NGI Recipient: Anne Roskowski
Session Attended: Country Dance and Song Society - English Week (2018)
Learning is not merely an absorption of “do this” or “say that”, but rather, a journey, through which you become more familiar with the curves and tracks in the road that bends towards the horizon just ahead of you. I experienced this on the long trip extending from Rochester, NY to Pinewoods Camp, MA, for the CDSS English Country Week, where as I traversed the dusty, rutted dirt roads from Lads a Bunchum and the dining hall to C Sharp, C Sharp Minor, and the Camp House, my feet learned to dance new steps with rhythm and grace. In every famous trip, the hero/heroine never wanders alone; Lewis had Clark and Sacagawea for companionship and guidance, Elizabeth Bennet had Uncle and Aunt Gardener as traveling companions, and Frodo had the Fellowship. Fortunately, I also made friends to share the lessons with. It was interesting to hear about everyone’s different backgrounds and to learn the tips and tricks they found for dancing. Music and dancing are truly the thread that can bind together the 4 corners of the world (or rather, the 4 corners of North America, meeting people from North Carolina, Canada, California, and good old New York State).
No worthwhile adventure is ever easy and this was certainly no exception; after the first few days of dancing sun up to sun down, my feet ached in agony, begging to be put into eternal rest, but my heart and soul yearned for more. Then, there was the frustration as I tried to remember the steps to each new figure in the Longsword dance from Sleights or the Morris Dances, where in spite of all efforts, I still somehow managed to make a mess out of things in a new way every time. During the morning English Dance Class, as sunlight dripped through the leaves hanging over C Sharp Minor, despondency pooled within me as I tried to move in perfect timing to the music, but not quite making it. These depths of despair have become useful in my return home because remembering how I felt learning the figures has given me patience and understanding with new dancers who come to the English Country Dance group in Rochester.
Then, the plot began to turn, the road bent in a new direction, and the hills became less steep as less mistakes were made. The most enthralling parts of the week were the moments when I finally understood and could almost perfectly dance the figures I had been struggling with for days. It was the sun dawning on my horizon, the glow and energy ascending from the knowledge that “yes, I can finally do this!” instilling me with the gumption to learn more. Things gained were not just steps and movements, but also confidence. Before English Week, I was not the most confident of dancers and would be reluctant to perform for people if I knew I would make mistakes. While at Pinewoods, I performed in Plymouth on the Morris Tour and then exhibited the dances I learned in front of all the campers on Friday, charging ahead even though I knew there was the distinct possibility of making mistakes. I wanted to experience as many new things as possible and not let fear get in the way of that. Performing and brushing off mistakes in a determination to learn from them rather than be crippled by them, along with the constant encouragement from teachers and fellow campers, bestowed upon me confidence so that I am now no longer terrified of making mistakes in front of others. The English Country Dance Week has given me new courage to make mistakes and to become a better dancer from them. In addition, my new found confidence and familiarity with the figures has now enabled me, at the weekly dance back in Rochester, to help introduce newcomers to the wonders of folk dance, just as others introduced me.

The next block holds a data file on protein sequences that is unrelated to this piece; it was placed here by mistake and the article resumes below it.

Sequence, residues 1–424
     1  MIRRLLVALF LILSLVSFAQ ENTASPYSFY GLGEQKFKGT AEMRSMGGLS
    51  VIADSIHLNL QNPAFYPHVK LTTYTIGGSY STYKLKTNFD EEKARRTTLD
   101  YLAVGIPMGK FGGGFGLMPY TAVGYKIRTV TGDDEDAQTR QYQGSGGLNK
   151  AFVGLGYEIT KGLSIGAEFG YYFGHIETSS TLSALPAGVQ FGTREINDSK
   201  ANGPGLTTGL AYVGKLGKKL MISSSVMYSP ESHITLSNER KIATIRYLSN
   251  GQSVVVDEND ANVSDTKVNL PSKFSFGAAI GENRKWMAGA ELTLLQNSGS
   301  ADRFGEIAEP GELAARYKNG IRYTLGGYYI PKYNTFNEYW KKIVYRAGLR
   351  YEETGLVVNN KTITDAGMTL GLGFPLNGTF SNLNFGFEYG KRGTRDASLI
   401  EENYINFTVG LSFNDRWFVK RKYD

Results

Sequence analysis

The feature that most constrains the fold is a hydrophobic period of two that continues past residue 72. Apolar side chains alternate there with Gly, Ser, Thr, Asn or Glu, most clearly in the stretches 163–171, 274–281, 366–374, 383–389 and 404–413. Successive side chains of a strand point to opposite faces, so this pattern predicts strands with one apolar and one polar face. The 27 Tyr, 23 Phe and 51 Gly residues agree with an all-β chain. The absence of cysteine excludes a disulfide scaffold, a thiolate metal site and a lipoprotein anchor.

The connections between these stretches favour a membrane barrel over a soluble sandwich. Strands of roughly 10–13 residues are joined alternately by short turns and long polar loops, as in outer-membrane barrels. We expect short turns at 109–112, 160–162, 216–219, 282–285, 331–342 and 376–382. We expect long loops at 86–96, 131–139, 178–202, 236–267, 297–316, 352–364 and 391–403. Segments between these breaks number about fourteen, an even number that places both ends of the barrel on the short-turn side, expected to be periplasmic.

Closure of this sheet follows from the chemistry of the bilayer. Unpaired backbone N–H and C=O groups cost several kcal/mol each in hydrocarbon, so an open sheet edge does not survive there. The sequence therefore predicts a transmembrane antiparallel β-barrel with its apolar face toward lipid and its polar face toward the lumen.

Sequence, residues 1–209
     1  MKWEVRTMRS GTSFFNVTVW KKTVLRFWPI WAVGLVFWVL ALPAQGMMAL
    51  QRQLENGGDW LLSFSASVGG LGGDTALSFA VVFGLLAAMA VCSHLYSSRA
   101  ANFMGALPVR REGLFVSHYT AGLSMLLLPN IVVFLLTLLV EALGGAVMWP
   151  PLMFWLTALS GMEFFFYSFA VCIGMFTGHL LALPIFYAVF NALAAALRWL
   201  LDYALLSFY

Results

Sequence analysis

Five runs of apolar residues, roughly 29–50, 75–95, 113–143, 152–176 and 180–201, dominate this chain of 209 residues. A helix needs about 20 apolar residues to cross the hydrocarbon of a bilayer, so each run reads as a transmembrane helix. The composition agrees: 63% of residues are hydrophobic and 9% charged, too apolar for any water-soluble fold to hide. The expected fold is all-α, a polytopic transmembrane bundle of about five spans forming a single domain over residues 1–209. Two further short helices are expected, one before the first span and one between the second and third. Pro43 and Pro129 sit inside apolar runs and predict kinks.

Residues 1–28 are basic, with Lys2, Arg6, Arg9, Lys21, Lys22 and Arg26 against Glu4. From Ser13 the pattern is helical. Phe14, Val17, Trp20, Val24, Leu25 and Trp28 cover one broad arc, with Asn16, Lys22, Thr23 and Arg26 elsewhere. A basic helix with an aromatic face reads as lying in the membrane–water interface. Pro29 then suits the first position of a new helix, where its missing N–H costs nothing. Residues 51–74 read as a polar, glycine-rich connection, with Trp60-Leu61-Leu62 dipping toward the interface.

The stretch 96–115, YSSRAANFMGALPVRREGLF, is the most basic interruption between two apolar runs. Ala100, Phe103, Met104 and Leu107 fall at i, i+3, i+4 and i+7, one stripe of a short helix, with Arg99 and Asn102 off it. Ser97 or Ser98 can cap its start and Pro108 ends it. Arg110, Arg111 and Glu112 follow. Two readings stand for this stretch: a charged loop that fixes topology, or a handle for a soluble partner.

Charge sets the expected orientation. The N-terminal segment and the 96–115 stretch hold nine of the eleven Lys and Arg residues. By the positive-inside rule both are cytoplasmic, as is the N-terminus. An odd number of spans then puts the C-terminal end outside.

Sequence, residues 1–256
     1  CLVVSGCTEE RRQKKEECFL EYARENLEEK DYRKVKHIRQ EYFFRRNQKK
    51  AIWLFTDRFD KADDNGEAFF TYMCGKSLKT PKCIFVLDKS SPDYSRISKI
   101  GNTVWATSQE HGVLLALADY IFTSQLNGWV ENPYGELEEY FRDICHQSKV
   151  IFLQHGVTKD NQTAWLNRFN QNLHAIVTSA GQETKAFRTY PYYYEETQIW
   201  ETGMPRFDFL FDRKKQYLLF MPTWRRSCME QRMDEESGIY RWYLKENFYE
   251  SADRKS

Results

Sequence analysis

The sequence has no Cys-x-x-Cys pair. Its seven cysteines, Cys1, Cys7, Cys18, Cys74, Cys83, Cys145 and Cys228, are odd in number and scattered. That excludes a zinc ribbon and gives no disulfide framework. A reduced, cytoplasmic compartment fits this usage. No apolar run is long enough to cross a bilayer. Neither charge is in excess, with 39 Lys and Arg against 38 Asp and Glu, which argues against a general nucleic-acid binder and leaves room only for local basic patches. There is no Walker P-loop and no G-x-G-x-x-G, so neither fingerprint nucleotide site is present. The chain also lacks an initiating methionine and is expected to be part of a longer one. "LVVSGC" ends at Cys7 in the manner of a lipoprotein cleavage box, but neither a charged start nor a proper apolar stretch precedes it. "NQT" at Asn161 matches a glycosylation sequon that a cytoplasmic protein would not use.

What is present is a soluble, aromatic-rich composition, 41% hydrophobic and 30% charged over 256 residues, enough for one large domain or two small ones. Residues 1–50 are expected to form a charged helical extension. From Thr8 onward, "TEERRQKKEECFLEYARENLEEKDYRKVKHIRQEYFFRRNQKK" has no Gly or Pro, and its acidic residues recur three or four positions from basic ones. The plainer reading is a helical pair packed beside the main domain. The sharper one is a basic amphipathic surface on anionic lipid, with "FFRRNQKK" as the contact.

Every good tale about traveling and travails needs a tavern and this story was no different; the Pub Night on Monday was certainly a highlight. The Ceilidh Dance that preceded it was such a thrill of excitement, skipping and polkaing through the traditional figures, the throbbing of the fiddle mimicking the wild pounding of my heart and toes; I had never experienced anything so full of exhilarating fun and energy! The electrifying adrenaline from Ceilidh Dancing carried me through the pub night, where it was a jovial time belting out songs with my fellow campers, the notes tying all our hearts closer together and the lyrics finishing the knot. The late evening dance parties on the other nights of the week were also of interest because I learned styles of folk dance, such as French dancing, that I knew very little about and that I came to love very much.
I tried as many new experiences as I could this week, to broaden my horizons, making the most of each moment, and I am so glad that I did! It was such a privilege to be gifted a scholarship to go for a week to camp to learn so many beautiful forms of dance from talented experts and to make a variety of new friends with the same passion for dancing! I am so grateful for the generosity of CDSS and PCI in making camp possible for me through the NGI scholarship; I would not have been able to attend without it. It was exciting to see how these scholarships – awarded not just to myself, but to so many others – allowed inclusion of students and young professionals, encouraging the passing on of these dance traditions to the new generation. I would also like to thank everyone else who helped me to get here: my friends who encouraged me to apply for the scholarship, the fellow dancers who helped to make this a fun experience during the week of camp, and PCI for providing the wonderful food and facilities that helped define my experience that week. I will certainly treasure the lessons and memories from English Week at Pinewoods for a lifetime!